Friday, September 12, 2008

Not Food Anymore

I knew it was inevitable. Sooner or later I'd have to clean the fridge.

You understand, though, that the conditions have to be just right for that task. The garbage can must not be more than half full and the dishwasher must be completely empty to hold all the freshly emptied but riper than a big city garbage truck plastic containers.

If for some reason I don't return from the conference next week, I don't want my funeral conversation to center around the unmentionables...or rather, undistinguishables...I left in my refrigerator for my poor widow to deal with.

So, today was the day.

One of the reasons I despise the job is because I really do hate to throw away food. I'm growing more frugal as I linger with my husband. But the good news is the impetus that got me through the task without guilt. Some of it wasn't food anymore. Technically.

I recognized applesauce under the colorful patchwork of mold. I knew that the one item was a meat product at one time--from the sheen. But several things in zipped bags had morphed from solid to liquid form and who but God Almighty knows their origin. (Don't tell me it hasn't happened to you).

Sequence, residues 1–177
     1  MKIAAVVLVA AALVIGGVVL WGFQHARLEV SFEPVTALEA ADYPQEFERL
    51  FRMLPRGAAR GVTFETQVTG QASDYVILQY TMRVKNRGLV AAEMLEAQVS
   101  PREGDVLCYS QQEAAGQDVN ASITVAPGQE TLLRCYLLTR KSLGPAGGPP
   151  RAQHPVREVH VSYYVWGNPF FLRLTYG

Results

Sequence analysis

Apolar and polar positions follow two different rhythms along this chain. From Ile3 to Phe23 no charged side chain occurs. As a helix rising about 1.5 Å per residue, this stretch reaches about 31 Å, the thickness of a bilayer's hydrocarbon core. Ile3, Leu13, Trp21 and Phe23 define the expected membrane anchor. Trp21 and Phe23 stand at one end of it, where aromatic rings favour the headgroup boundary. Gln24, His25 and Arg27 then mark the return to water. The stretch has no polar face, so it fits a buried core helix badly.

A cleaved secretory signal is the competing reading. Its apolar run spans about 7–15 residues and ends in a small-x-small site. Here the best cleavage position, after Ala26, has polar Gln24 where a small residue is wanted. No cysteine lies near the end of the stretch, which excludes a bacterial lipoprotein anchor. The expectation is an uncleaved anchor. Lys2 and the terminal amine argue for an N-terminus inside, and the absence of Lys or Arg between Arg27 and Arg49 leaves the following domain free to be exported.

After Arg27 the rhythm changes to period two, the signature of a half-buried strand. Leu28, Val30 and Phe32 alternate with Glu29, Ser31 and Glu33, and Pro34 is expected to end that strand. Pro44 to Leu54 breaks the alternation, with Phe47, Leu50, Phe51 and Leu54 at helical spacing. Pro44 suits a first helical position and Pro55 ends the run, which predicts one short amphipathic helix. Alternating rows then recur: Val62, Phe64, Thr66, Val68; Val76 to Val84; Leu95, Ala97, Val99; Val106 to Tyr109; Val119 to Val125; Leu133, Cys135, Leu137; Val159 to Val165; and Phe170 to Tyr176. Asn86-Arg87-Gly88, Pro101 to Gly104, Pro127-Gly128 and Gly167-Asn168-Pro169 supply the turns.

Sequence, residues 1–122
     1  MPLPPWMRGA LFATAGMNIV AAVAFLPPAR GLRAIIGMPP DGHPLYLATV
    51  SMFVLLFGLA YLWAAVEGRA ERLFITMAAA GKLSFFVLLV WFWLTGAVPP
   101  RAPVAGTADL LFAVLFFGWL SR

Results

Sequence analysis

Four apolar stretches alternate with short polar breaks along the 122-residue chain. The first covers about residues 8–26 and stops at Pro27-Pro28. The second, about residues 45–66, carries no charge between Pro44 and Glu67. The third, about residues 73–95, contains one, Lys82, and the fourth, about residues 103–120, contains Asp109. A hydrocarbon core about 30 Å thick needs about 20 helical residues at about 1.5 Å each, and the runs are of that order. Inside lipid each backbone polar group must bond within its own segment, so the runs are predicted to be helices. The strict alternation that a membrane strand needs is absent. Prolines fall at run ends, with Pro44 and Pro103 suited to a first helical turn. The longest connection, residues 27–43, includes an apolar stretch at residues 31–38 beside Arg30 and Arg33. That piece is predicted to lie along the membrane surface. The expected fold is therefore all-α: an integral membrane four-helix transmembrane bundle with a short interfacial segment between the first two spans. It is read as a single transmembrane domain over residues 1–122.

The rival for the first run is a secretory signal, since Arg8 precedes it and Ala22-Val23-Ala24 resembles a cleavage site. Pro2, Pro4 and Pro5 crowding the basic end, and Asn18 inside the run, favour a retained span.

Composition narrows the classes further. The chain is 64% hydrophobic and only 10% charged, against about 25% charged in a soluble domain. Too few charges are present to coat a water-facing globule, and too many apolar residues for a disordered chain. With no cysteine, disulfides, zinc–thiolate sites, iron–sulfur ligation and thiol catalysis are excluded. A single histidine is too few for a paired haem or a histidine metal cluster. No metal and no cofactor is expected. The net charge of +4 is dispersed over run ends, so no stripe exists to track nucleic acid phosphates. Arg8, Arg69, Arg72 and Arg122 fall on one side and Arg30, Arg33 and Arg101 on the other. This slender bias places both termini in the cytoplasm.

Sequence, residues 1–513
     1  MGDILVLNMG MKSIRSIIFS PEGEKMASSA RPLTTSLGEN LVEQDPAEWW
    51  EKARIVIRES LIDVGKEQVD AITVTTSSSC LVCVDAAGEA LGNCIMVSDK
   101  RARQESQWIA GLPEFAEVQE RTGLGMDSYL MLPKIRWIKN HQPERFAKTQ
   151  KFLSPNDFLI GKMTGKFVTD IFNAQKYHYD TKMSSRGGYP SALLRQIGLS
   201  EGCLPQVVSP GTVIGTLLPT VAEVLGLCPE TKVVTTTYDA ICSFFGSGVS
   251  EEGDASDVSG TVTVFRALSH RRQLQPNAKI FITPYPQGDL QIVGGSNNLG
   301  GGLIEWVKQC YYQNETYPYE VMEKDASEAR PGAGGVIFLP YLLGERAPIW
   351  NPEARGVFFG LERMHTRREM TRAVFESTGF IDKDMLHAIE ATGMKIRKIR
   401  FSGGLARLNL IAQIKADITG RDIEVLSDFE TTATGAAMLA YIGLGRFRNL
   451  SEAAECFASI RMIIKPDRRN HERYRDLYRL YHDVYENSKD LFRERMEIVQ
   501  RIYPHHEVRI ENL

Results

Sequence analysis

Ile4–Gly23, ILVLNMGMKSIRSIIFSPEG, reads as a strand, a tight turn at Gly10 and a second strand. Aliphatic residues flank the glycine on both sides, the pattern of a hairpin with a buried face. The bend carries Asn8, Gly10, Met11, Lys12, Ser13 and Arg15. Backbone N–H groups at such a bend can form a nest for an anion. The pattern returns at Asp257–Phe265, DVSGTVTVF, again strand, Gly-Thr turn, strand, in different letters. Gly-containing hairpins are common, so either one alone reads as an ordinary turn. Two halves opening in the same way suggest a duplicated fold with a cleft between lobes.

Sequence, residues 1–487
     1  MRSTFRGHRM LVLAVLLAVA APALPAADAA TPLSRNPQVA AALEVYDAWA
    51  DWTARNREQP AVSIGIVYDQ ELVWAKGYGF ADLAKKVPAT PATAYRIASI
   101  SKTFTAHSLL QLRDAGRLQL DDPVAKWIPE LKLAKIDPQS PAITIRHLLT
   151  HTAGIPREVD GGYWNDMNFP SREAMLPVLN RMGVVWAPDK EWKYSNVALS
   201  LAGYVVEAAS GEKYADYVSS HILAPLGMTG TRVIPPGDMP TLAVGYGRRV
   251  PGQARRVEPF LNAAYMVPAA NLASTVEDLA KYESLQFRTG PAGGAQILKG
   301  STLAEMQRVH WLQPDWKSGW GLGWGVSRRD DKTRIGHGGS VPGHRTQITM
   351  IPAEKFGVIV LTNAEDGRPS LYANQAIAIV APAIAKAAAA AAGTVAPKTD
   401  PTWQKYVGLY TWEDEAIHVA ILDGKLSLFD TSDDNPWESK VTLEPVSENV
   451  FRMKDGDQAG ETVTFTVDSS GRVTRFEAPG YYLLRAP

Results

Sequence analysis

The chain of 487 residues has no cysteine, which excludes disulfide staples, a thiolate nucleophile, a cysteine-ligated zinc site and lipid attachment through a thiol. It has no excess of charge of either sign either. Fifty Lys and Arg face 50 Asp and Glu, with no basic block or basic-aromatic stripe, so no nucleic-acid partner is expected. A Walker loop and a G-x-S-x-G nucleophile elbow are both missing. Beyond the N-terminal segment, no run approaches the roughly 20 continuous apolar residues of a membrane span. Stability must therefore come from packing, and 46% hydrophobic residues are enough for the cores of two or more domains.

My guilt lifted as I tossed away things that were no longer food and therefore no longer a waste to dispose of.

And that got me thinking.

Are there things in my life that are no longer fun, so I can throw them away without guilt? Like sewing my own clothes? (Okay, I gave that up in the 90s). Crafts? Canning enough harvest produce for the whole neighborhood? Planting a garden of vegetables my husband won't eat?

Some I've already given up but retained a little reminder of guilt. But why feel guilty if it wasn't truly fun anymore?

What if it isn't productive anymore? Or meaningful? Or necessary? Or satisfying?

Can it be tossed without guilt?

Yes, with two exceptions. Love and commitment. Doesn't matter if they're no longer fun, productive, overtly meaningful, or perpetually satisfying. They're not disposable or discardable.

They are, however, redeemable.

Unlike the pool of what I think used to be a leftover burger.


Sharon A. Lavy said...

We have enough real things to feel guilty about, without false guilt. And our Lord takes care of the real guilt when we go to the foot of the cross.

About the refregiator thing, been there done that.

Looking forward to seeing you at conference!